(a)

1717

131

(c)

0.0 0

43

130

87

100

(d)

67

£Std, plant m-1

2.33

1.56 33

0.78

0.00 0

> 12.9 > 12.2 > 11.4 > 10.7 > 10.0 > 9,3 > 8.6 > 7.9

44

87

#Yld=f(#Std)

131 (e)

0.0 0

43

87

130

100

(f)

Gama (h), (t ha-1)2

9.23 £Yld=f(#Std), t ha-1

67 6.19 33

3.10

0.00 0

> 103.6 > 98.4 > 93.2 > 87.9 > 82.7 > 77.5 > 72.2 > 67.0

44

87

131

0.0 0 Distance, m

43

87

130

Figure 3. Single and cross-semivariogram, and maps cokriging of sugarcane properties in an eutrophic Ultisol, in the treatment in which the trash was removed from the soil.

at locations where STD is 11.2 - 13.1 plant m-1, YLD will be expected to be 95.0 - 112.1 t ha-1 (Figure 2d,h). On the other hand, at sites where STD is 8.6 - 10.5 plant m-1, YLD will be 72.2 - 89.3 t ha-1. For cokriging YLD = f(BD2), the inverse Gaussian semivariogram was adjusted (Table 3, Figure 2i), differing from the spherical model inverse observed by Montanari et al. (2012) who studied the dry matter yield of forage intercropping in relation to BD of an Oxisol (0.20-0.30 m layer). The cokriging mentioned indicated that in regions where BD2 increases, YLD will be reduced, the opposite also being true. The geostatistical range was 122.8 m with high SDC (76.7 %). Thus, in regions where BD2 is 1.595 - 1.644 kg dm-3, YLD will be 70.2 - 88.1 t ha-1 (Figure 2f,j). However, where BD2 is 1.530 - 1.579 kg dm-3, YLD will be 94.0 - 111.9 t ha-1. To the TR treatment, the cokriging #Yld = f(#Std) with a direct spherical adjustment (Table 3, Figure 3e) had a range of 45.5 m and an average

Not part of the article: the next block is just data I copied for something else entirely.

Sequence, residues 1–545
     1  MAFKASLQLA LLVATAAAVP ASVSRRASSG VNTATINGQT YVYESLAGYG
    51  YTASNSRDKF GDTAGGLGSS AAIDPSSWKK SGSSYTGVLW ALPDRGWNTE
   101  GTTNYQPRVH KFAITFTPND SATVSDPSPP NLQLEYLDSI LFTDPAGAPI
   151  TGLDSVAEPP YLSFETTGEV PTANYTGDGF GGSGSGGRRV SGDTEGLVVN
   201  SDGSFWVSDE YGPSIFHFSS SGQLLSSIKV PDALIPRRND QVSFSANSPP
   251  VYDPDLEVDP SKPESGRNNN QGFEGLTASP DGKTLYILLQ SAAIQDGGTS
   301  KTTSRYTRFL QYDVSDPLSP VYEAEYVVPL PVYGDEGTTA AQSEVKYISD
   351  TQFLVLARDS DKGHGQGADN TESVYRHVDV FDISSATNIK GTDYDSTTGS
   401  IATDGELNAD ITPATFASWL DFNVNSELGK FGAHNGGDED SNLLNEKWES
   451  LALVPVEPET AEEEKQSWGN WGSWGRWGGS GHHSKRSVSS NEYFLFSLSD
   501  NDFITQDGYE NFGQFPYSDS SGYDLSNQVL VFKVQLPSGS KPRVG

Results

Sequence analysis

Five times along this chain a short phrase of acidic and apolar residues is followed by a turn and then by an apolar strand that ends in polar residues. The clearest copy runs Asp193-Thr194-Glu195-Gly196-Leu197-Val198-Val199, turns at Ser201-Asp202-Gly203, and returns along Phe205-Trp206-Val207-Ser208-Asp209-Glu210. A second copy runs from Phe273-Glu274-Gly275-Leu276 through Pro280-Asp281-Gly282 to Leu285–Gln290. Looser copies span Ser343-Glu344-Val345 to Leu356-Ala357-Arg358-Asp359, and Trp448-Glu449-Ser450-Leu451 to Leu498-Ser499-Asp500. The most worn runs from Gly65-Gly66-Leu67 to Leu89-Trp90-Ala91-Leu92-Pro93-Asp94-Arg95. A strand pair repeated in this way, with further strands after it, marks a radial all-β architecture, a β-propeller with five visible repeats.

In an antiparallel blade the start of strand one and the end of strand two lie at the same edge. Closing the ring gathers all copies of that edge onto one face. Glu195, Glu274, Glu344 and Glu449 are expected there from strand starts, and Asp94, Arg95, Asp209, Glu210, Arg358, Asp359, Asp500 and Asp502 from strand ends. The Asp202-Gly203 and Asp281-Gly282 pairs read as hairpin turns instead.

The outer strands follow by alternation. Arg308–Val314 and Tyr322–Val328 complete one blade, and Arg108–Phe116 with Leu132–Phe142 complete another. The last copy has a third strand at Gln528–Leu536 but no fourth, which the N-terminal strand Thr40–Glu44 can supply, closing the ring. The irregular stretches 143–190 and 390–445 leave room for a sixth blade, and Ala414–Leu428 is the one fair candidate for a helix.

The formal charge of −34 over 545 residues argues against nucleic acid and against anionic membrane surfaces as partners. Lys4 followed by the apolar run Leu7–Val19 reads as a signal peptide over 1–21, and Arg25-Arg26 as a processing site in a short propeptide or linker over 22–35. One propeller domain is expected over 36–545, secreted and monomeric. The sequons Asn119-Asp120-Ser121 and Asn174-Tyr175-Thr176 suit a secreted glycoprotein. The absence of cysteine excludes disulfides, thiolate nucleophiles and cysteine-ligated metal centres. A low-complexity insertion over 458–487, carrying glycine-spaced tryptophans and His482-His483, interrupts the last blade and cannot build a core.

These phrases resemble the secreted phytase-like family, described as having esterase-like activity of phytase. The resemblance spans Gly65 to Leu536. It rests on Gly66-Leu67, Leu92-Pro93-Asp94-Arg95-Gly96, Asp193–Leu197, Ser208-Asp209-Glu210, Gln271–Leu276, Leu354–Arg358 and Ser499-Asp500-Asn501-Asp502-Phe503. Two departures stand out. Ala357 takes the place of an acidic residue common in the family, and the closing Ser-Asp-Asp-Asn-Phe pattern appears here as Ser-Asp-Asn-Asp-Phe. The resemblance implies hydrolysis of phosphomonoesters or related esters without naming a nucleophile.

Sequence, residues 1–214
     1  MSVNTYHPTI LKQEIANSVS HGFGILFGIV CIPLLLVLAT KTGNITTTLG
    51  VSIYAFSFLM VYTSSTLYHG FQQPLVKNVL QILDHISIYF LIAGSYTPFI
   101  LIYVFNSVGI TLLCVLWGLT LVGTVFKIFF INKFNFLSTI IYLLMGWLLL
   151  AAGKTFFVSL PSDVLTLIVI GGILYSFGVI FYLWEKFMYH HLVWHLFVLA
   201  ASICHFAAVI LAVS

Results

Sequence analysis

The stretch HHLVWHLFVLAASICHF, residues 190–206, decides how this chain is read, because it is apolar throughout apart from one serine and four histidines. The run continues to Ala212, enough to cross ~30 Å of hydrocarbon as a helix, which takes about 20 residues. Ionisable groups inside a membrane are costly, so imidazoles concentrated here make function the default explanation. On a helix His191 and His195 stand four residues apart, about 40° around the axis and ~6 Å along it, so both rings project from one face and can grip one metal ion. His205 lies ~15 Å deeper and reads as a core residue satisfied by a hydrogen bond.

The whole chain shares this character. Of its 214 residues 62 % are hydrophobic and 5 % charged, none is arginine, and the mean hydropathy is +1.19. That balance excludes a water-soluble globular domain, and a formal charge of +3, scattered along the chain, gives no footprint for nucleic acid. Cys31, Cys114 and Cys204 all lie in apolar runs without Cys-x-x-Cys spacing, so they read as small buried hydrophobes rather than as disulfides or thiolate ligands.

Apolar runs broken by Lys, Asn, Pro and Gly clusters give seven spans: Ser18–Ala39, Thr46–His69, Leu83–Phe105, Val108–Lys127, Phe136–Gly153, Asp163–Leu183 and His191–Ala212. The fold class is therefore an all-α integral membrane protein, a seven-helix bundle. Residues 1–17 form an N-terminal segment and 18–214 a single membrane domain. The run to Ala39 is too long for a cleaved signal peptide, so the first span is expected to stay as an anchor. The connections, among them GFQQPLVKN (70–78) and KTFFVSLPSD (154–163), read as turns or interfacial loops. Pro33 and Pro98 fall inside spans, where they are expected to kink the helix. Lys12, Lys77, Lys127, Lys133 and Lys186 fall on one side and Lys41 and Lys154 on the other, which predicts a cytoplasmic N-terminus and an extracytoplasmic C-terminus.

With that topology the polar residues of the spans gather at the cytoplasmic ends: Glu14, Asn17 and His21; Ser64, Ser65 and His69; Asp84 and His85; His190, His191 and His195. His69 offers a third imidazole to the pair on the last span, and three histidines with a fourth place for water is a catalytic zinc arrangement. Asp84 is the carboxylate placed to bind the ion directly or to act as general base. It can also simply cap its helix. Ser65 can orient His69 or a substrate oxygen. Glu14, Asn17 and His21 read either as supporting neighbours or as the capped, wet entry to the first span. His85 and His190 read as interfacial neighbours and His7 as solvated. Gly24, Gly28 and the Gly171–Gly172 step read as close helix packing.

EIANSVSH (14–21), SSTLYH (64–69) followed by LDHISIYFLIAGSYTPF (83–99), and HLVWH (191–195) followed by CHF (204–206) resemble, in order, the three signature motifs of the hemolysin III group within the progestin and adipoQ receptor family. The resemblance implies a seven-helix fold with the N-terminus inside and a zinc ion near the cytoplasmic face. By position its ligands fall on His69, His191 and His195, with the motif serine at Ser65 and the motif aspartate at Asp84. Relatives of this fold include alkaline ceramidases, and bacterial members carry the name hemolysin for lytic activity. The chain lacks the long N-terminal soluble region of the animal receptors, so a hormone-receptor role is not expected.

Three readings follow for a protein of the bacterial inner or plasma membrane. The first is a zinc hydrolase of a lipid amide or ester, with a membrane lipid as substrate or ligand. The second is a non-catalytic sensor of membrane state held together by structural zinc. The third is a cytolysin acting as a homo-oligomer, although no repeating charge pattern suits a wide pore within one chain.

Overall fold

SDC (57.5 %), where 87.1 % of the spatial variability of #Yld was explained by spatial variability of #Std. Thus, in regions where #Std is 10.7 - 12.9 plant m-1, Yld will be 87.9 - 103.6 t ha-1 (Figure 3d,f), and where #Std is 7.9 - 10.0 plant m-1, Yld will be 67.0 - 82.7 t ha-1. Given the above, in order to increase the sugarcane yield (variety RB855035), Std should be more than 11 plant m-1 while BD (0.20-0.40 m) should be less than 1.579 kg dm-3.

CONCLUSIONS 1. In both treatments, stand density was the property with the best positive correlation with sugarcane yield. Of the soil properties, bulk density (00.20 m) had the highest positive correlation with yield; 2. Form the spatial point of view, stand density was the property that best explained the sugarcane

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Flávio Carlos Dalchiavon et al.

yield. However, bulk density (0.20-0.40 m) in the trash mulching treatment was the only soil property spatially correlated with cane yield;

EMPRESA BRASILEIRA DE PESQUISA AGROPECUÁRIA - EMBRAPA. Sistema brasileiro de classificação de solos. 2.ed. Rio de Janeiro, 2006. 306p.

3. The maintenance of sugarcane trash on the soil surface increased the sugarcane yield and soil organic carbon, representing an important practice from the point of view of sustainable management and soil conservation.

FERREIRA, D.F. SISVAR: Sistema de análise de variância para dados balanceados, versão 5.1 Build 72. Lavras, DEX/UFLA, 2007.

ACKNOWLEDGEMENTS The authors thank the Foundation for Research Support of the State of São Paulo (FAPESP) for providing a PhD scholarship to the first author, the sugar mill Usina Vale do Paraná S/A Álcool e Açúcar, for the support and opportunity to conduct this research and the Centro de Energia Nuclear na Agricultura for the assistance with the analyses of dry matter carbon.